4. Stewart H. Appleby – Stewart Hoffman Appleby was an American Republican Party politician who represented New Jerseys 3rd congressional district from 1925–1927, filling the vacancy of his father T. Frank Appleby, who had elected to office but died before taking the seat. Born in Asbury Park, New Jersey, Appleby attended the schools of Asbury Park. He graduated from Rutgers University, New Brunswick, New Jersey, in 1913 and afterward engaged in the real estate, Appleby organized and served as vice president of the First National Bank of Avon-by-the-Sea, New Jersey. During the First World War, he enlisted in the United States Marine Corps on May 17,1917 and he was commissioned a captain in the United States Marine Corps Reserve on November 24,1925. Appleby was elected as a Republican to the Sixty-ninth Congress to fill the vacancy caused by the death of his father, frank Appleby, and served from November 3,1925, to March 3,1927, but was not a candidate for renomination in 1926. During World War II, Appeleby served in the United States Coast Guard and he retired to Hallandale, Florida, and died in Miami, Florida, January 12,1964. He was interred in Arlington National Cemetery, Fort Myer, Virginia, biographical Directory of the United States Congress. Stewart Hoffman Appleby at The Political Graveyard Stewart H. Appleby at Find a Grave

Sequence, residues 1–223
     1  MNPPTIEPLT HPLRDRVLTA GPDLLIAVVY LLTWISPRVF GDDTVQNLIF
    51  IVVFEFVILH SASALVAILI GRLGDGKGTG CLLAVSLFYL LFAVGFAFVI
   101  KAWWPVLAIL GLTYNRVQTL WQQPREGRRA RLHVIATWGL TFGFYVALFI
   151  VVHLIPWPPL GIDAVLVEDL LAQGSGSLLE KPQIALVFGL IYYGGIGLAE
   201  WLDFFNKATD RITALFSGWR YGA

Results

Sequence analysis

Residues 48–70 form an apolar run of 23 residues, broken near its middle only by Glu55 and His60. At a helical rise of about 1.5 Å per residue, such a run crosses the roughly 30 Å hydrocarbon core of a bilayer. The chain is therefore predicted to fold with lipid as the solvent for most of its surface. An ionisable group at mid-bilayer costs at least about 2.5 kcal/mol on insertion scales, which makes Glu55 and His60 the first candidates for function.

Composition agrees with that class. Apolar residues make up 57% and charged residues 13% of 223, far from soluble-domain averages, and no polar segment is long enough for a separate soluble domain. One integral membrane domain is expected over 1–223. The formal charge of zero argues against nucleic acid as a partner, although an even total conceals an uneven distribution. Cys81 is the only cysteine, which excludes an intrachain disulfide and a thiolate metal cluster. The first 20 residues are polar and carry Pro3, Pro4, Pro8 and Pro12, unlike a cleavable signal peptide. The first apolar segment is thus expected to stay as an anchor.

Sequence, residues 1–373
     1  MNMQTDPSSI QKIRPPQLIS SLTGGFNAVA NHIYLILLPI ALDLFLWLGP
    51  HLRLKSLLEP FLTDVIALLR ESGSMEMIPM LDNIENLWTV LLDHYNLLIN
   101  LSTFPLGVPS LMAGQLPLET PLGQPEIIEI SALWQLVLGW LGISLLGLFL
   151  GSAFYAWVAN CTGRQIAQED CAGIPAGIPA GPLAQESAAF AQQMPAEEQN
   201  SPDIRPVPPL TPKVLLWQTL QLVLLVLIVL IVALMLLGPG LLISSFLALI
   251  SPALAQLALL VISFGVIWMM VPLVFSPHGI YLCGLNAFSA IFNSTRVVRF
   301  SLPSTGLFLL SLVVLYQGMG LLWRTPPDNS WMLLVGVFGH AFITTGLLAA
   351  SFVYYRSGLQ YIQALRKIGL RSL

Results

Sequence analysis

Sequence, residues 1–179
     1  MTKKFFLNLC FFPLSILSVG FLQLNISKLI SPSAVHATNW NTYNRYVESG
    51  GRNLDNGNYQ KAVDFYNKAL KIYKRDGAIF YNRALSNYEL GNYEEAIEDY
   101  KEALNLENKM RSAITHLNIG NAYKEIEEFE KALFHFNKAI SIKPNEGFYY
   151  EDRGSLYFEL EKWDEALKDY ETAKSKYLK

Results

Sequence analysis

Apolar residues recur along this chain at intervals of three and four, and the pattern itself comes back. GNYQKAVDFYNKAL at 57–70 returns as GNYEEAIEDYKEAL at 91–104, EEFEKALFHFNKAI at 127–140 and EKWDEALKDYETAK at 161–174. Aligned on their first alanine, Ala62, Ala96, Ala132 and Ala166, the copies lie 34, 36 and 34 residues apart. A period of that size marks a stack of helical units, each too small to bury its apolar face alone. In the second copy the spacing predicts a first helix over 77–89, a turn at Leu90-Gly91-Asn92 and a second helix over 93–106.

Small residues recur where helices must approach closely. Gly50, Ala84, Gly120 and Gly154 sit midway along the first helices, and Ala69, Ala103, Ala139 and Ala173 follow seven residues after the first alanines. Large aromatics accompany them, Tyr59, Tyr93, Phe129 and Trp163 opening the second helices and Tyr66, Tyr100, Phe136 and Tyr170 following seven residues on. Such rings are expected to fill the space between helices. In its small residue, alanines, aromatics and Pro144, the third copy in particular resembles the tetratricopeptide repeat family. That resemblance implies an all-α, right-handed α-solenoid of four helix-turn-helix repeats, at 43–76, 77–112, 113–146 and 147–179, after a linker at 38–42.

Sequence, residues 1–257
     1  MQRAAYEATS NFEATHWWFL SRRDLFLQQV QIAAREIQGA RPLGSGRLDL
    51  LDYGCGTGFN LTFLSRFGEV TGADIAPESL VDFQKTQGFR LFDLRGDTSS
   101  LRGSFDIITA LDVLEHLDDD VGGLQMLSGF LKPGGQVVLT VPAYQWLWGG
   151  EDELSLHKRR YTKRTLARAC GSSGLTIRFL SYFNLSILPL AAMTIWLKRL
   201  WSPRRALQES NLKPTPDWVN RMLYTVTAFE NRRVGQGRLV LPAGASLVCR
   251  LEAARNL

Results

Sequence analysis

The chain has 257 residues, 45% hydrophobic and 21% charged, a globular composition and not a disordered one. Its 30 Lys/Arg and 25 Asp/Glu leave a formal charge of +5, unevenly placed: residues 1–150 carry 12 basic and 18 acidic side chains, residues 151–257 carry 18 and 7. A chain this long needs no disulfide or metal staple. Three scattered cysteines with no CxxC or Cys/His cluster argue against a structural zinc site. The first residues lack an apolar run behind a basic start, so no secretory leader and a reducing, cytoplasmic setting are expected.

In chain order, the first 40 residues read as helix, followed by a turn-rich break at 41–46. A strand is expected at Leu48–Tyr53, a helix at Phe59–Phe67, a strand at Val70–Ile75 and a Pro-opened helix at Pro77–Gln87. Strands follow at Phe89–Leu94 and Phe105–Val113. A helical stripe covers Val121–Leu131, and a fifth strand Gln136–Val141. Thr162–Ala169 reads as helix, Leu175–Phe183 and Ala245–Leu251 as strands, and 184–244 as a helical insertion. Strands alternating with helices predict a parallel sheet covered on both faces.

5. Joel Thompson Boone – Joel Thompson Boone was a United States Navy officer who received the Medal of Honor for his actions during World War I. In addition to the Medal of Honor, Boone received the Armys Distinguished Service Cross and was awarded the Silver Star six times and these awards made Boone the most highly decorated medical officer in the history of the United States armed services. Boone was born in St. Clair, Pennsylvania, on August 29,1889 and he was a cousin several times removed to Daniel Boone. He attended Mercersburg Academy and graduated in June 1913 from Hahnemann Medical College in Philadelphia, the following year he was commissioned a lieutenant in the United States Naval Reserve. When the United States declared war on Germany in April 1917 and he later served as a surgeon with the 6th Marine Regiment, which was part of the Armys 2nd Division while it was part of the American Expeditionary Force in France. On July 19,1918 he displayed extraordinary heroism while treating casualties under fire, for this action he was later awarded the Medal of Honor. He was promoted to lieutenant commander in September 1918, Boone remained in the Navy after the First World War and also served during the Second World War and the Korean War. He was one of the few individuals to have served in all three conflicts, after returning from France he was assigned to serve as the Director of the Bureau of Naval Affairs at the headquarters of the American Red Cross in Washington, D. C. In June 1922 he was assigned to the Presidential yacht USS Mayflower and served in capacity during the administrations of Warren Harding. When President Herbert Hoover took office in March 1929, Boone was assigned as the physician to the White House and he invented a game called Hooverball to help President Hoover keep in shape. He continued in the position when Franklin Roosevelt took office in 1933 and he was promoted to commander in September 1931 and to captain in July 1939. In late 1940, Captain Boone became the medical officer at Naval Air Station San Diego and later transferred to the Naval Hospital in Seattle. In April 1945, Boone was promoted to commodore and ordered as Fleet Medical Officer to the commander of the Third Fleet, for his service in the Pacific Theater, Boone was awarded the Bronze Star Medal, the Navy Commendation Ribbon and two battle stars. He was promoted to the rank of admiral on January 8,1946 and was reassigned as District Medical Officer. In March 1950, he became the Inspector General of the Navy Medical Department and he went to Korea in 1950 - shortly before his retirement for physical disability in December 1950. Upon his retirement from the Navy, Boone was promoted to the rank of admiral on the retired list in recognition of his distinguished career. Vice Admiral Boone died April 2,1974 in Washington, D. C. and was buried at Arlington National Cemetery and his grave can be found in section 11. When his wife Helen died on November 2,1977 she was buried with him, rank and organization, Lieutenant, U. S. Navy